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Comparing Appraisal Requirements for VA, FHA, and Conventional Loans


Whether you use a VA, FHA or conventional loan to buy a home, the lender will complete an appraisal to make sure the home is worth at least what you’ve offered to pay for it.

An appraisal is an unbiased professional opinion of the home's market value, or the amount an independent appraiser thinks a buyer would offer to purchase the home. Lenders arrange for appraisals using a list of qualified people. An independent and certified appraiser will schedule an appointment time at the property to view it inside and out and will produce a report for the lender. Upon request, the report is sent to the borrower and seller as well; however, when you close your mortgage the appraisal report is usually included in your loan documents.

The appraisal is only a visual inspection meant to document costly or major defects observed at the time of the inspection, plus it provides an idea of the property itself and anything nearby that may impact the value of the home. For example, being on a busy street or near an industrial area may impact the saleability and, therefore, the value of the home. It’s important to understand that an appraisal isn’t the same thing as a home inspection, which is a more detailed and granular look at the property to uncover defects and problems — such as a faulty electrical outlet or appliance. AAFMAA Mortgage Services LLC (AMS) highly recommends you have a home inspection as part of your purchase contract. However, many homebuyers are offering to waive a home inspection in order to make their offer more attractive to the seller when the home is in a very competitive market.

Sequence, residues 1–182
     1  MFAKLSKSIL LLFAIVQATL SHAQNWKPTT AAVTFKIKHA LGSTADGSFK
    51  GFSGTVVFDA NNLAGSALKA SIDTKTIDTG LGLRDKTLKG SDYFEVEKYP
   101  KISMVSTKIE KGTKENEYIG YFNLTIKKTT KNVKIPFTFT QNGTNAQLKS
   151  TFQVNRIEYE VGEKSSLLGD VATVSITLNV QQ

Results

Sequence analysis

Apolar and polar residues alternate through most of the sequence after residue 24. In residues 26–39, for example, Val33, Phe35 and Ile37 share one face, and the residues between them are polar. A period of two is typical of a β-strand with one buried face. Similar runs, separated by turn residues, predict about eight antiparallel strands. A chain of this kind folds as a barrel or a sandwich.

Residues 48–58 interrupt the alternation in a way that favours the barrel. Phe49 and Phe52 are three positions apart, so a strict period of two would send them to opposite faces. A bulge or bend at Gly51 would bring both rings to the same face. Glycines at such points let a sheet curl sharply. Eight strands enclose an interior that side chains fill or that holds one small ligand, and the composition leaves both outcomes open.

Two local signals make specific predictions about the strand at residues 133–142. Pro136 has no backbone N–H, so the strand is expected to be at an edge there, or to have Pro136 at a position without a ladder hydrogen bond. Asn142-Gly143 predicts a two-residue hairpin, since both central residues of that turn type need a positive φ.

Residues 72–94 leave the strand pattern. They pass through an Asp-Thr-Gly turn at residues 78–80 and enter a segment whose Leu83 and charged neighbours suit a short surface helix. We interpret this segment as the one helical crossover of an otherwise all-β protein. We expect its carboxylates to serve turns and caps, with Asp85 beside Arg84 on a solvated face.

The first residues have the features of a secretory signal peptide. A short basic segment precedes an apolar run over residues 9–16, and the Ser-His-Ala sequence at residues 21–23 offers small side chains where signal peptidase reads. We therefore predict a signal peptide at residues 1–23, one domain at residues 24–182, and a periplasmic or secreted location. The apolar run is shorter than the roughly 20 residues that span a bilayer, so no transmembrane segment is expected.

Related: Tips for Buying a Home "Sight Unseen"

The appraisal requirements for VA, FHA, and conventional loans vary. Here’s what you should know.

VA Appraisals

For a VA Home Loan, which can require as little as zero down, lenders must document that the property meets its own guidelines and the VA's Minimum Property Requirements (MPRs), which require the home to be safe, sanitary, and structurally sound.

Among other things, a VA-certified appraiser will check for:

  • Usability of mechanical systems
  • Signs of leaks in basements and crawl spaces
  • Sign of termites, dry rot, or fungus growth (although a separate termite inspection may be recommended or required)
  • Roofing problems
  • Lead-based paint (must be remediated if it existed in the past)
  • Observation of attic and crawl space if applicable

Following a VA appraisal, the VA reviews the full appraisal report. If there are MPR issues, borrowers can ask the seller to fix them. If the seller refuses, borrowers may need to walk away from the deal.

Interestingly, the VA made changes that took effect December 1, 2021, to shorten turn-times and increase what appraisers could charge in some markets. The fee increases, which vary by state and county, run from as little as an additional $25 in Minnesota to $400 more in some areas of California.

These changes may help overcome the perception among some sellers that VA appraisals take longer than other types of appraisals and could delay closings, which could give the upperhand to a competitive bid using a different type of financing.